By Henry Uche
The Board of Trustees (BoT) of ActionAid Nigeria has charge the federal government of Nigeria to demystify the rhetorics in the ongoing Covid-19 vaccination in the country, following the fear of many Nigerians about the safety of the vaccines.
In virtual meeting held over the weekend to review the State Of the Nation, the BoT observed with dismay that the negative myths about the AstraZeneca/Oxford COVID-19 vaccines have continued to thrive since the call for registration for vaccination has been met with mixed reactions.
According to ActionAid BoT, some Nigerians are still unaware of COVID-19 vaccination despite the online registration portal and house to house registration for administration of the doses of the vaccine set up by the Federal Government.
They also observed that Kidnapping, especially of school children is gradually becoming a norm in the country as insecurity is still on the rise, with many records of banditry, insurgency and killings, especially in the North West, North East and North Central Nigeria.
“The rising cases of abduction of school children is becoming unbecoming and will further disparage stakeholders’ efforts at reducing the rate of out-of-school children in Nigeria, particularly, the girl-child. Schools are now seemingly unsafe for girls and give parents undue justification to force their girl-child into early marriage.
“Tackling poverty requires a multidimensional approach and considerations. Implementing interventionist programs to reduce poverty is difficult when violence is on the rise across Nigeria. In addition, poverty alleviation schemes put in place by the government have been rendered ineffective largely due to corruption, uneven distribution, and lack of accountability,”
They decried the level of indebtedness of Nigerian government, saying, “While other African countries spend an average of 17% of their revenue on debt servicing, Nigeria is currently servicing debts with 50% of its revenue. Despite the huge borrowings, there are not enough infrastructure to show for it as many Nigerians remain in abject poverty. Healthcare system is sub-standard, no stable electricity, and the state of most Nigerian roads are still deplorable.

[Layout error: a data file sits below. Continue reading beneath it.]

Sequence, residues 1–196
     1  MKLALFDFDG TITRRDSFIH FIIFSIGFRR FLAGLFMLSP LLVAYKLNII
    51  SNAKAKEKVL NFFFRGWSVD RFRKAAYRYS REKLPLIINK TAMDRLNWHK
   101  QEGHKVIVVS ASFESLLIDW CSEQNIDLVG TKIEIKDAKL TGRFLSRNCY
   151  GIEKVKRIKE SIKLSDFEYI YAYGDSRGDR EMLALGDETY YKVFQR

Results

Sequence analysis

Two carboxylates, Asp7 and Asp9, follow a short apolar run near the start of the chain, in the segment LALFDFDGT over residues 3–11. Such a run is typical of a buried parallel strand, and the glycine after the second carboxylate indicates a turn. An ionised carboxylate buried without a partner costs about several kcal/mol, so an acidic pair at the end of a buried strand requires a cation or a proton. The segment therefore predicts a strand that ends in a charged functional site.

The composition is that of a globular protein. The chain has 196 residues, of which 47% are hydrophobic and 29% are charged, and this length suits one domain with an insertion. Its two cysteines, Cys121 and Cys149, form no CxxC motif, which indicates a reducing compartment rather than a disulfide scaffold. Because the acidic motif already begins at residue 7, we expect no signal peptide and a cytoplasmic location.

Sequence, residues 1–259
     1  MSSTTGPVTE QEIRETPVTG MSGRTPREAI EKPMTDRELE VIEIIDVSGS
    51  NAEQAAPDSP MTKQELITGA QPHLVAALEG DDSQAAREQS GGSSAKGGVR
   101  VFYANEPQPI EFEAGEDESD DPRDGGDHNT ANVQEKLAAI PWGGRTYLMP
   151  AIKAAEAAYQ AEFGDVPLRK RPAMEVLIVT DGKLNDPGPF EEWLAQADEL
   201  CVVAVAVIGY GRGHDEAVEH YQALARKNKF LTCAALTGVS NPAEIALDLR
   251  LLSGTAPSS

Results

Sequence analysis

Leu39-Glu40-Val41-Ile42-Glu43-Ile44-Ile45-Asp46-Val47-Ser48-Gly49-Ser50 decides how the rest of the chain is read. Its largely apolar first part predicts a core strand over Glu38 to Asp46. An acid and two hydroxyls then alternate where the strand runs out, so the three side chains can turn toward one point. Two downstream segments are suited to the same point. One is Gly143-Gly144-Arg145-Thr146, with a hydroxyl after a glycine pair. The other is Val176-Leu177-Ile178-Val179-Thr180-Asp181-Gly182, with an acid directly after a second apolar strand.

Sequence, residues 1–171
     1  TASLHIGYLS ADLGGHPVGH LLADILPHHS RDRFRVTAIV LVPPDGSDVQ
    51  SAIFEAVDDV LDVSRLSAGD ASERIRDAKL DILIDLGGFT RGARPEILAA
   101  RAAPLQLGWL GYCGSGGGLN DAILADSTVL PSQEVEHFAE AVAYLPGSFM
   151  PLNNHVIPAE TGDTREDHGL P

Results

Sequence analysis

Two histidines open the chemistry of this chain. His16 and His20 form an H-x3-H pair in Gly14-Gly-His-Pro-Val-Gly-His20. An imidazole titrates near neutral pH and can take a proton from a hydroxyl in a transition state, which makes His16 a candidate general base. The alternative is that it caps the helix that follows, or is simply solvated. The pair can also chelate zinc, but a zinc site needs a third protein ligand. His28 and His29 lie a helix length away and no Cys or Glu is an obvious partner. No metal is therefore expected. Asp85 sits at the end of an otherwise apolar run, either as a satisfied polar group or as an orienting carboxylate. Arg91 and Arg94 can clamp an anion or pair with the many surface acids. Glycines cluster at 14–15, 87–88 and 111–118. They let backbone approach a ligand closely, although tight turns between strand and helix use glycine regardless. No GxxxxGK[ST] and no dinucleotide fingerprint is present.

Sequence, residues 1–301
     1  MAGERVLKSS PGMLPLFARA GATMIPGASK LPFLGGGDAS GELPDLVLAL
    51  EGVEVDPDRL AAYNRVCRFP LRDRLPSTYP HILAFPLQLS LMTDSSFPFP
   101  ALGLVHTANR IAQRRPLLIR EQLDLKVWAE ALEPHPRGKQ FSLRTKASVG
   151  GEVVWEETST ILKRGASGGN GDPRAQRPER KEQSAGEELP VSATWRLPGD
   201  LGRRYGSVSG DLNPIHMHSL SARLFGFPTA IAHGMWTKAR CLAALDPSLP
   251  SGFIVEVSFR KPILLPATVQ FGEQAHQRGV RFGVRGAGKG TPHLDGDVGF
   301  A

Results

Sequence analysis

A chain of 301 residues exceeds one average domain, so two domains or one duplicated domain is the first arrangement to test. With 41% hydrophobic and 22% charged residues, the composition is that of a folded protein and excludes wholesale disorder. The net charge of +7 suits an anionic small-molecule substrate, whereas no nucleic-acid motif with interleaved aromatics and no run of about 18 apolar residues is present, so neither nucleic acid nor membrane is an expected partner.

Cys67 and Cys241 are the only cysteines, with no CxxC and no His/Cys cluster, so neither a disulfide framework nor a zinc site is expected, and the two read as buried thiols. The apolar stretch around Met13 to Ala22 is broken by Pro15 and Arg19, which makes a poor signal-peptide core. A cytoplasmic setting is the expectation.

The BoT further pressed for the autonomy of the third tier of government to enable local government chairmen deliver democracy dividends to the local dwellers. “The role of the LGAs as the third tier of government in the Nigerian 1999 constitution includes provision of infrastructural developments at the grassroots. Yet, state governments have continued to usurp the powers and functions attributed to the local governments and only acknowledge them as a subunit of the state with no autonomy,”
They recommend therefore that the National Primary Healthcare Development Agency (NPHCDA) should ensure that its multi-faceted approach to registration & administration of the COVID19 vaccine be inclusive, recognizing citizens in excluded communities; whilst the National Orientation Agency works with other stakeholders to eliminate perceived myths about the COVID19 vaccine.
They also recommend the overhauling and restructuring of the nation’s security architecture to create real changes in areas as funding, equipment, accountability and boosting the morale of the men in the field among others, stressing that community ownership is key to winning the war against insecurity as evidenced by ActionAid Nigeria Community Action Response Teams (CARTs) piloted in 24 communities in Kogi and Nasarawa states.
“To reduce poverty, governments at all levels must prioritise policies relevant to specific communities; COVID-19, conflicts and climate crisis should be carefully considered to successfully reduce poverty in Nigeria. Anti-corruption rhetorics should be matched with action. We call on federal government, anti-corruption agencies to ensure the implementation of emergency fund management protocols and bring defaulters to book.
“We admonish federal and state governments to expedite actions to make local government councils autonomous to fast-track rural development, strengthen agriculture, create employment, and reduce rural-urban migration.
“Most importantly, to reduce Nigeria’s debt profile, the government must urgently close all leakages along the revenue collection value chain, swiftly reduce the cost of governance at all levels of the polity and expedite the process of diversifying the economy,” they maintained.